Rita Kasperek (Rocky Point) lives with three cats and a battered computer in Oakland, California. Her work has appeared in The Portland Review, GSU Review, Sand Hill Review and Storyglossia, among other publications. Recently her fiction was nominated for a Pushcart Prize and won Honorable Mention in the New York Stories fiction contest. She's working on a novel.

Gabrielle Margonelli (Droum) is writing a book that will be published in the fall.

Singer-songwriter Ira Marlowe (Going West) writes “four-minute movies” — finely crafted, highly visual songs that mix wry humor with unusual passion, energy and honesty. He recently won the “Songs Inspired By Literature” contest and is featured on a benefit CD alongside Tom Waits, David Bowie, Roseanne Cash, and Steve Earle. In Spring of 2004, Ira debuted “How to Write a Song”—a one-man multi-media musical —which ran for five weeks at San Francisco's Off-Market Theater. He is currently working on a release for children, as well as a forthcoming CD for grown-ups called "Lucky."

Ryan Masters (Catch and Release) is on staff at The Monterey County Weekly. His work has appeared in Surfer, The Surfer's Journal and Scuba Diving Magazine. He is the editor of The Bathyspheric Review.

Stephanie Gene Morgan (When I Went Looking for You the First Time) is an artist based in Oakland, CA. Her work has appeared in Dwell, The Advocate and L'Actualitie. She is currently working on film projects.

Dan Akira Nishimura (The Arkansas Girls) makes his literary debut in the "Maps" issue. Buckle up and enjoy the ride.

Northern California night photographer Troy Paiva (4360 Miles in 126 Hours) captures the disappearing roadside world with his evocative night-photography technique. He travels the west shooting with old and obsolete, low-tech equipment creating brilliantly lit tableaus of the abandoned debris of a modern, disposable culture. Make sure to visit Troy's website, Lost America.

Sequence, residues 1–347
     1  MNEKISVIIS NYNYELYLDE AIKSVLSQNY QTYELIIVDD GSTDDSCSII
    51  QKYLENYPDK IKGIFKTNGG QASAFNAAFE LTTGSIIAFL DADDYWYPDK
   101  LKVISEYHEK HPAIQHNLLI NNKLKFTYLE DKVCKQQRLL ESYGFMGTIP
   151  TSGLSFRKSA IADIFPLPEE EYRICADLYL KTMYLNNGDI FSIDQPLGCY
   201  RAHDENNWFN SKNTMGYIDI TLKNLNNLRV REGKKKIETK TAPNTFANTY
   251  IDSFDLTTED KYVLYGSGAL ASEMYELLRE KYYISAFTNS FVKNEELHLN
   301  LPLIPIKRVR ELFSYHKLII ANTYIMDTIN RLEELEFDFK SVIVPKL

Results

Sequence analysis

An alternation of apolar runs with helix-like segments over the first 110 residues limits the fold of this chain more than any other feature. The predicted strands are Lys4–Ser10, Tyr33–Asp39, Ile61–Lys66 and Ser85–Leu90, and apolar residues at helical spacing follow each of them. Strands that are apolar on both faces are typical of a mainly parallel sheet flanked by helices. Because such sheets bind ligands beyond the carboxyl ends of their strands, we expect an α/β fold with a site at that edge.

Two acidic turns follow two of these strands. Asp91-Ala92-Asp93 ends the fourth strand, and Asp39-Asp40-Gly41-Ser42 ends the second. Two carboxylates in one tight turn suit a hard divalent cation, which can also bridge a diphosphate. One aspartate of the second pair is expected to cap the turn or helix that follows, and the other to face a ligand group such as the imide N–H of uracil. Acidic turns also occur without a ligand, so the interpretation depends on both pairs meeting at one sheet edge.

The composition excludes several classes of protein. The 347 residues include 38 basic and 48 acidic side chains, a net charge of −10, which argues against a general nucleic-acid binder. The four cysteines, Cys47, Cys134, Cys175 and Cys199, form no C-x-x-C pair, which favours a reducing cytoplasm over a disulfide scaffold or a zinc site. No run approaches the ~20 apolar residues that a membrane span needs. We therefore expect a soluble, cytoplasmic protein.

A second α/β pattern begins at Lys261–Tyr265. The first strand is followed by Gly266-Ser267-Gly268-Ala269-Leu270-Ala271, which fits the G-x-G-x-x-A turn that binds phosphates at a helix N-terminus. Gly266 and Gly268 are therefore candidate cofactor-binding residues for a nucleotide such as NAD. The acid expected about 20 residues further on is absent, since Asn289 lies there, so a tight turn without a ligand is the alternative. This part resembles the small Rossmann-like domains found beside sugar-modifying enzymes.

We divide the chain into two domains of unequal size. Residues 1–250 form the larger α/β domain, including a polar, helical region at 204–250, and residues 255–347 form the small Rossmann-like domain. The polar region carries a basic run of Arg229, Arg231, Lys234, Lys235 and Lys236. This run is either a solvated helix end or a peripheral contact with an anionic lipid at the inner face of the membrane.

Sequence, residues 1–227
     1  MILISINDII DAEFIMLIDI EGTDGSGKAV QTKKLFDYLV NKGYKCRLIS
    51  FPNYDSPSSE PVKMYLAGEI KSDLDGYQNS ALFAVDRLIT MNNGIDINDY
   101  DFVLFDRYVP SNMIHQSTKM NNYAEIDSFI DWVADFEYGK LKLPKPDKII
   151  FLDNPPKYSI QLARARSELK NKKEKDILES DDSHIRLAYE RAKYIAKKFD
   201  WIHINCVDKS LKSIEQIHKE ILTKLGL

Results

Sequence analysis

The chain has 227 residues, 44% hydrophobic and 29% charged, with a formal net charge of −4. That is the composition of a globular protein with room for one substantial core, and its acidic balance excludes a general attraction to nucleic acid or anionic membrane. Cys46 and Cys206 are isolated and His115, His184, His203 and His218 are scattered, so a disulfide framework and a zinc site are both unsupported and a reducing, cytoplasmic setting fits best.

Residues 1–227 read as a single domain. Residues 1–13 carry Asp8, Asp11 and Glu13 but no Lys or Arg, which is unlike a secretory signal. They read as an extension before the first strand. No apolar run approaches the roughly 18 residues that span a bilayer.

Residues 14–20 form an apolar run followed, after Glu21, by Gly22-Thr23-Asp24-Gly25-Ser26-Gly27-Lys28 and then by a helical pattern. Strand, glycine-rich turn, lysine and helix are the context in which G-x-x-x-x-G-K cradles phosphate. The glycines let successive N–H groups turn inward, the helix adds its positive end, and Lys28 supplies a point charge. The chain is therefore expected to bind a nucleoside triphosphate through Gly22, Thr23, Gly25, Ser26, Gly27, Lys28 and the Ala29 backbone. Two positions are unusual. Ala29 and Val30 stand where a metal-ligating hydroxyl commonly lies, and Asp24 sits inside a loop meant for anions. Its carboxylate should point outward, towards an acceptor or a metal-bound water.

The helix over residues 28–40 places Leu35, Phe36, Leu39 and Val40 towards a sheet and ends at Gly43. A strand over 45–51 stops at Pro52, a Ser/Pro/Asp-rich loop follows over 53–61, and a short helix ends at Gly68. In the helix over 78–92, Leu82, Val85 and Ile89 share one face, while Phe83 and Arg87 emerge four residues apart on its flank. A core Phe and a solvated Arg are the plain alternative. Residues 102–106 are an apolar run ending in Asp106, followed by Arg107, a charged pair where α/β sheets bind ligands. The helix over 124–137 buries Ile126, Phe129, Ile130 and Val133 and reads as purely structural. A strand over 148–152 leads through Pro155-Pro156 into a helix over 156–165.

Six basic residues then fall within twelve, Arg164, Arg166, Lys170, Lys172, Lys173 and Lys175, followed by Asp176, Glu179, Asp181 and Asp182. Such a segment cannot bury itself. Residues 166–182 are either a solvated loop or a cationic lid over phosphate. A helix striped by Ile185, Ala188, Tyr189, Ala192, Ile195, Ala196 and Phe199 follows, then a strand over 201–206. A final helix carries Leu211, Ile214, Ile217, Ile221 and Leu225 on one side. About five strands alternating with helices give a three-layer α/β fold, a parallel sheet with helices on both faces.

Monica Regan (west of the divide) lives and writes in San Francisco. Her poems have recently appeared in 26 and Parthenon West Review.

Formerly of the San Francisco band Me Jane, Jane Selkye (Memphis) and Chris Kee formed Plainjane in 2000 with Scott Amendola to record i gorgona. I gorgona is Greek for The Mermaid and refers to a Greek oral myth about a monstrous half-woman, half-fish who can sing you the songs of the sea, speeding your boat on its way, or fly into a rage, sing mourning songs, and pound your ship to the bottom of the ocean. Ms. Selkye is a librarian and spinner/dyer.

Eric Schniewind (Path of Least Resentment) is a writer, actor, geologist, and a proud father. Which means he is too tired to write about himself right now, but relative to continental drift, there's plenty of time to think of something clever later.

Clara Silverstein (My Father's Hometown, 20 Years After His Death) the author of the memoir White Girl: A Story of School Desegregation (University of Georgia Press, 2004). Her poems have been published in magazines including the Paterson Literary Review and the Hiram Poetry Review. She is Program Director of the summer Writers' Center at Chautauqua, NY.

Lisa MB Simons (X) is a writer and a teacher. She has published articles, essays and book reviews, writes a column for her local paper, and is working on several projects, including her memoir. She lives in the defrosting state of Minnesota with her husband, twins, and dogs.

Edward Smallfield (Barcelona) is the author of The Pleasures of C and One Hundred Famous Views of Edo, a book length collaboration with Doug MacPherson. He lives in Barcelona with his wife, the poet Valerie Coulton.

Margrit Eichler (Touching Down in Knoxville) is the singer/songwriter/piano-player/ bandleader for the San Francisco group True Margrit. True Margrit has four releases: Peut-etre la Fenetre, Sympathetic Magic, Deceptively True and the forthcoming, Seaworthy. To find out more about True Margrit CDs, tour calendar, or other trivia, check out:

Laura Walker's (circumference) work has appeared in various journals, including 26, Five Fingers Review, syllogism, and Bird Dog. Her book swarm lure was published by Battery Press in 2004. She currently teaches creative writing at San Francisco State University and UC Berkeley Extension.